spatial pooling
linear/nolinear
classifier
applications that need efficiency
– Simply enlarging codebook size can reduce
overall quantization error
– but cannot guarantee every descriptor got
reduced error
codebook size
codebook 128 vs. codebook 256
codebook 128 vs. codebook 512
percent of descriptors
72.06%
84.18%
The right column is the percentage of descriptors whose
quantization error is reduced when codebook size grows
Motivation
• Good codebook for classification
local feature
extraction
visual codebook
construction
vector
quantization
spatial pooling
linear/nolinear
classifier
• Small individual quantization error ->
discriminative
• Compact in size
– Contradict in some extent
• Overemphasizing on discriminative ability may
increase the size of dictionary and weaken its
generalization ability
• Over-compressing to a dictionary will more or
less lose the information and its discriminative
power
– Find a balance!
[X. Lian, Z. Li, C. Wang, B. lu, and L. Zhang, CVPR 2010]
Related Work
• No quantization
local feature
extraction
visual codebook
construction
vector
quantization
spatial pooling
linear/nolinear
classifier
– NBNN [6]
• Supervised codebook
– Probabilistic models [5]
• Unsupervised codebook
– Kernel codebook [2]
– Sparse coding [3]
– Locality-constrained linear coding [4]
Multi-layer Orthogonal Codebook
(MOC)
• Use standard K-Means to keep efficiency or
any other clustering algorithm can be adopted
• Build codebook from residues to reduce
quantization errors explicitly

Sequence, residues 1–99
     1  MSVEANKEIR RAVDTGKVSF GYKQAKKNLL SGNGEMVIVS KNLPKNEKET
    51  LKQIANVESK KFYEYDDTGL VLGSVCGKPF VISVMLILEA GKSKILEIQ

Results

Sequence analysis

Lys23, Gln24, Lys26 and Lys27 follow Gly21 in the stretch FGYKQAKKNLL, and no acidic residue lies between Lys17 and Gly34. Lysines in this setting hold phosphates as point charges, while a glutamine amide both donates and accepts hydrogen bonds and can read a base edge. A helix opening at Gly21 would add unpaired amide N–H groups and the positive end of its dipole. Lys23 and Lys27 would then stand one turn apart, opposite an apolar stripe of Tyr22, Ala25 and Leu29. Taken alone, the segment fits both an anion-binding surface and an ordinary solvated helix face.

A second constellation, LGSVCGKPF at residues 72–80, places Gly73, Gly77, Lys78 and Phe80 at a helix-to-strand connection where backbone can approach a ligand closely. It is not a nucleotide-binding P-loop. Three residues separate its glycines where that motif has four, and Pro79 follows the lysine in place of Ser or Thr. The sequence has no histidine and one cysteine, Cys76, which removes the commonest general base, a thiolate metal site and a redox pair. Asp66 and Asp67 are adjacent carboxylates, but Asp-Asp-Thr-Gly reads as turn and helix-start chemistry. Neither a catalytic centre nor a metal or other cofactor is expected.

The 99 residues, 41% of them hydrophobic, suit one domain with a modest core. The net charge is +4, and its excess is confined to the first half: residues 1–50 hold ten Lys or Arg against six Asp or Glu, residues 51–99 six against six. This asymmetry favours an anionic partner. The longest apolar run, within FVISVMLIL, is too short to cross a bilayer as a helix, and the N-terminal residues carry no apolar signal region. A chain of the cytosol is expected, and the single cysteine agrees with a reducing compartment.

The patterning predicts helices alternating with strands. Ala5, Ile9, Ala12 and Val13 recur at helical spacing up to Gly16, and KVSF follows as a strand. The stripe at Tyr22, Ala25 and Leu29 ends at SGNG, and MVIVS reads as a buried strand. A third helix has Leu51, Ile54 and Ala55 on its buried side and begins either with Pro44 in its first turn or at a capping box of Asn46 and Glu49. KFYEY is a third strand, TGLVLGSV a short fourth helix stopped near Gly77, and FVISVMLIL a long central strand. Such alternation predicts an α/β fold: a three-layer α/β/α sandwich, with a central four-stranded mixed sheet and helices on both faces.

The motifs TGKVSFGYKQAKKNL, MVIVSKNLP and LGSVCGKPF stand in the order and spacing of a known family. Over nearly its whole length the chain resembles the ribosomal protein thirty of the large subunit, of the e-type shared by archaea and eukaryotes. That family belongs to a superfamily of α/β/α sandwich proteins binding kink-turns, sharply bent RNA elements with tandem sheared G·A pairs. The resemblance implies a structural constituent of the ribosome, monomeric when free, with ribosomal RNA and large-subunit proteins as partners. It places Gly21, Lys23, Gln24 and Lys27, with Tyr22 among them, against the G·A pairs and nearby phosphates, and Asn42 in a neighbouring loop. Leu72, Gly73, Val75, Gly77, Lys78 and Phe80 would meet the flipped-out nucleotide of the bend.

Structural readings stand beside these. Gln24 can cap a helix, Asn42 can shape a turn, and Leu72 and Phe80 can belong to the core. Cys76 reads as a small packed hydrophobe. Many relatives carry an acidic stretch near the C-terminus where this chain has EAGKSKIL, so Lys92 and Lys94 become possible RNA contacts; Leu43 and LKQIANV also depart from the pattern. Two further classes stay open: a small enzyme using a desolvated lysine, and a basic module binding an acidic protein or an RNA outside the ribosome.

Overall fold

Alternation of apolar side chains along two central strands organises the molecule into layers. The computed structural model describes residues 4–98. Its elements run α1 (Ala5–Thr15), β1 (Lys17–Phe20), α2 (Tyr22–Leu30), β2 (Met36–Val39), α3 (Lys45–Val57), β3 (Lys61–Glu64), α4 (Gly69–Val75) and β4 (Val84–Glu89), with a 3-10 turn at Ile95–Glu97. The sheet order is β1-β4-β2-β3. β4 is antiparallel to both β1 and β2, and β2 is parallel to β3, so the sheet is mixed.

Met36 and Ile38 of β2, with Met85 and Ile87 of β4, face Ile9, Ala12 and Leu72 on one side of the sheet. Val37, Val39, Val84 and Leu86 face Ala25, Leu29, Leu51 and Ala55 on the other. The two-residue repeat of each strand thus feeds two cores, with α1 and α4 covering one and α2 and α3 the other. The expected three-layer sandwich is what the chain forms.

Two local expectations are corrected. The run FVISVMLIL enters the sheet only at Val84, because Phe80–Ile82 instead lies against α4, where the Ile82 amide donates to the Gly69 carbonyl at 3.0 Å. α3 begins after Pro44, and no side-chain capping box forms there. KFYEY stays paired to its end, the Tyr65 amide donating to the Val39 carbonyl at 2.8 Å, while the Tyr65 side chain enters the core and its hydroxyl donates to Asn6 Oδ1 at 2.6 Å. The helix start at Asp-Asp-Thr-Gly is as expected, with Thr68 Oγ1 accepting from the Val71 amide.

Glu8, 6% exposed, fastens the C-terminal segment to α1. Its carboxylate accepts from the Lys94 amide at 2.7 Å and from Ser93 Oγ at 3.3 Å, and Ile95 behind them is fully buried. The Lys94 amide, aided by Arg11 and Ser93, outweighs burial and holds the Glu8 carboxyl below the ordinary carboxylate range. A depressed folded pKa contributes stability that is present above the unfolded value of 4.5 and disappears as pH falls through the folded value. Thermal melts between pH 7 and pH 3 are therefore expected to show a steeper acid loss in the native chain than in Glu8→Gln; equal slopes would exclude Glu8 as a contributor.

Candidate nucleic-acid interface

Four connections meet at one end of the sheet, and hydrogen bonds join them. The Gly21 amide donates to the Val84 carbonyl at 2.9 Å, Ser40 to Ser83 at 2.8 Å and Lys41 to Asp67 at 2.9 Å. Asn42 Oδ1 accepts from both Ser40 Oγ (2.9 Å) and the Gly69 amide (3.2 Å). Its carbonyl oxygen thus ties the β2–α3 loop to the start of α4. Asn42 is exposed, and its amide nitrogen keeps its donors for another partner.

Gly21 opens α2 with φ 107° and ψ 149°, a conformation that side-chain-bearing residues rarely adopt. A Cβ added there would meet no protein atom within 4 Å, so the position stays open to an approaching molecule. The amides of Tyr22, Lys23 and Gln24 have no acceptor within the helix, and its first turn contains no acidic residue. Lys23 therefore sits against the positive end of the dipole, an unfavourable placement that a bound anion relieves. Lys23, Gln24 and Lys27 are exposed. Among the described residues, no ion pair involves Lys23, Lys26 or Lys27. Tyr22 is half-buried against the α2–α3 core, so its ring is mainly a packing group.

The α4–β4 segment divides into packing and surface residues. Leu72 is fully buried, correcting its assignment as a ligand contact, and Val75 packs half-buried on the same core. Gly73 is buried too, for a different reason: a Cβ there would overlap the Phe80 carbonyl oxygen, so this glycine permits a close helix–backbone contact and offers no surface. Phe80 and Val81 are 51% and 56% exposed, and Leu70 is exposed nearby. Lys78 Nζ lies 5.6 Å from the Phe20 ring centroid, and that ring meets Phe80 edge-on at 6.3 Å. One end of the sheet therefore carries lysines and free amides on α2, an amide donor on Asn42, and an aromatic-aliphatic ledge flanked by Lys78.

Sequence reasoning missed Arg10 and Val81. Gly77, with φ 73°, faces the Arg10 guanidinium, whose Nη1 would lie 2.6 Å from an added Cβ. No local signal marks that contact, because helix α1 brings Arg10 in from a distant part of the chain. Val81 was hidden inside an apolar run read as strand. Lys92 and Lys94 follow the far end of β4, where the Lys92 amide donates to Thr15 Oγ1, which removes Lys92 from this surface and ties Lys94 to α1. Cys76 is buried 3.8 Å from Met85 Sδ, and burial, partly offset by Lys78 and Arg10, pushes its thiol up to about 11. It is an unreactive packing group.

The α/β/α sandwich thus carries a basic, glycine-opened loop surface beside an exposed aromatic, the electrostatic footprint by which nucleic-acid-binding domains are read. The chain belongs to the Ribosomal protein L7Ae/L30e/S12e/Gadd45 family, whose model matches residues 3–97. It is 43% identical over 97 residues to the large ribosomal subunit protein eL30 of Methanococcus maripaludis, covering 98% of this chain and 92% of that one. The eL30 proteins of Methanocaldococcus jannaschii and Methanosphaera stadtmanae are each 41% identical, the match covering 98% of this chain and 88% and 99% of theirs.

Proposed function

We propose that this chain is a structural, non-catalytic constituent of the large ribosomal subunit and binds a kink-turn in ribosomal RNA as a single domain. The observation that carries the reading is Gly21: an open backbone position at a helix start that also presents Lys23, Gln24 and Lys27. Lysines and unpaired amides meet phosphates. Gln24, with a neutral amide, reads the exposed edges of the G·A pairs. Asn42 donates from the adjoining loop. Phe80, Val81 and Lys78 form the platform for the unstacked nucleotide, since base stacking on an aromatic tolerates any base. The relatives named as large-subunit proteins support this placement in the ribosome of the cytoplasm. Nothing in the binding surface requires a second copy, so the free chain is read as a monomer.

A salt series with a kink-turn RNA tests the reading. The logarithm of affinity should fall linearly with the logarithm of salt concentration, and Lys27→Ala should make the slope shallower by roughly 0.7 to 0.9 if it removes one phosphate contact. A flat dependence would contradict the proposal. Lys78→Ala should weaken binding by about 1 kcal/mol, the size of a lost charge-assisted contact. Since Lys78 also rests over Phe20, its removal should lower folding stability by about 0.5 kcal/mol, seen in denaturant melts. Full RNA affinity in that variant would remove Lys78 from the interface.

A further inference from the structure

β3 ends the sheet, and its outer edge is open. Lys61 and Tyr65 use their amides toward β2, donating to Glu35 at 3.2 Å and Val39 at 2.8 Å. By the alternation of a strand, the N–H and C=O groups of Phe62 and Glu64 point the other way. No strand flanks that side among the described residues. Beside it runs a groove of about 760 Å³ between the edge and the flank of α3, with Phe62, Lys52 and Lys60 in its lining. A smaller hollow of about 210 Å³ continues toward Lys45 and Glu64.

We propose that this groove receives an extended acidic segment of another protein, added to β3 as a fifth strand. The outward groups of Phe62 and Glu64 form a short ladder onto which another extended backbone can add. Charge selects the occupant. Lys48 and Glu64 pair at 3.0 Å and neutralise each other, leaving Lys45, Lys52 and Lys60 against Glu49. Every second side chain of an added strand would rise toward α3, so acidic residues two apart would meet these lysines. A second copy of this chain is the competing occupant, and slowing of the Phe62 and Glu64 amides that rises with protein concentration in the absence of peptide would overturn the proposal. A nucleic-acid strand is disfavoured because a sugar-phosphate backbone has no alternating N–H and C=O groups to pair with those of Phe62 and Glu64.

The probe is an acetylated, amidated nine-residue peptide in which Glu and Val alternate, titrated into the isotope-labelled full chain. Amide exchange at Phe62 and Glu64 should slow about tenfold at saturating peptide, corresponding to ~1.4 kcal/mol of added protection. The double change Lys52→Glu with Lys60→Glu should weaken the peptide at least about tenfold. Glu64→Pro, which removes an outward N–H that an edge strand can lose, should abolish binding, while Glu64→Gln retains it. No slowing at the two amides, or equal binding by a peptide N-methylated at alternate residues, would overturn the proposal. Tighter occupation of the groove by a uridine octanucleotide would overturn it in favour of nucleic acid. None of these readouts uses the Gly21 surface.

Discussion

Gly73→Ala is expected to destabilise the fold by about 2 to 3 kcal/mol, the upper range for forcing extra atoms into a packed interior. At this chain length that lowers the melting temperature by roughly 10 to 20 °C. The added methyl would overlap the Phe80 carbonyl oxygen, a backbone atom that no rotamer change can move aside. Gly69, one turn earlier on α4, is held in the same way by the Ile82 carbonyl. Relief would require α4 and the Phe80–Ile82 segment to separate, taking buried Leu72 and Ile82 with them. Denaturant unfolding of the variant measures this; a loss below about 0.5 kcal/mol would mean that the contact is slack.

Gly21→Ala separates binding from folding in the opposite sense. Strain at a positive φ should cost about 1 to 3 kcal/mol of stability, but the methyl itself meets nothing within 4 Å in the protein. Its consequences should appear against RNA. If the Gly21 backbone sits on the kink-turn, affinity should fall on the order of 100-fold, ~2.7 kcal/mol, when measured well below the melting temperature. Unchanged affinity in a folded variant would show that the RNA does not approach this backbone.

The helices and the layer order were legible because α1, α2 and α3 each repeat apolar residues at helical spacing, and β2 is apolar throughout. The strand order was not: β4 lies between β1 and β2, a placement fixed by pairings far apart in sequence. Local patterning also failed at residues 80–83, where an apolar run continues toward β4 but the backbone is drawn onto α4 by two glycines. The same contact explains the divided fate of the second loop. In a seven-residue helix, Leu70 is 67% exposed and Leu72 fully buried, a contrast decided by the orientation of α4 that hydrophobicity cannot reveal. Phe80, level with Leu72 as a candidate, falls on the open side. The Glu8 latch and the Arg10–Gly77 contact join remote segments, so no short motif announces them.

MOC Creation
• First layer codebook
– K-Means
N is the number of descriptors
randomly sampled to build the
codebook, di is one of the descriptors.
• Residue:
MOC Creation
• Orthogonal residue:
• Second layer codebook
– K-Means
Third layer …
Vector Quantization
• How to use MOC?
– Kernel fusion: use them separately
• Compute the kernels based on each layer codebook
separately
• Let the final kernel to be the combination of multiple
kernels
– Soft weighting: adjust weight for words from
different layers individually for each descriptor
• Select the nearest word on each layer codebook for a
descriptor
• Use the selected words from all layers to reconstruct
that descriptor and minimize reconstruction error
Hard Quantization and Kernel Fusion
(HQKF)
• Hard quantization on each layer
– average pooling: descriptors in the m-th sub-region,
totally M sub-regions on an image, histogram for m-th subregion is
• Histogram intersection kernel
……
• Linear combine kernel values from each codebook
Soft Weighting (SW)
• Weighting words for each descriptor
• Max pooling
K is codebook size
• Linear kernel
Soft Weighting (SW-NN)
• To further consider the relationships between words from
multi-layers
• Select 2 or more nearest words on each layer codebook, and
then weighting them to reconstruct the descriptor
• Each descriptor is more accurately represented by multiple
words on each layer
• The correlation between similar descriptors by sharing words
is captured
d1
d2
[J. Wang, J. Yang, K. Yu, F. Lv, T. Huang, Y. Gong, CVPR 2010]
Experiment
• Single feature type: SIFT
– 16*16 pixel patches densely sampled over a grid
with spacing of 6 pixels
• Spatial pyramid layer:
– 21=16+4+1 sub-regions at three resolution level
• Clustering method on each layer: K-Means
Datasets
• Caltech-101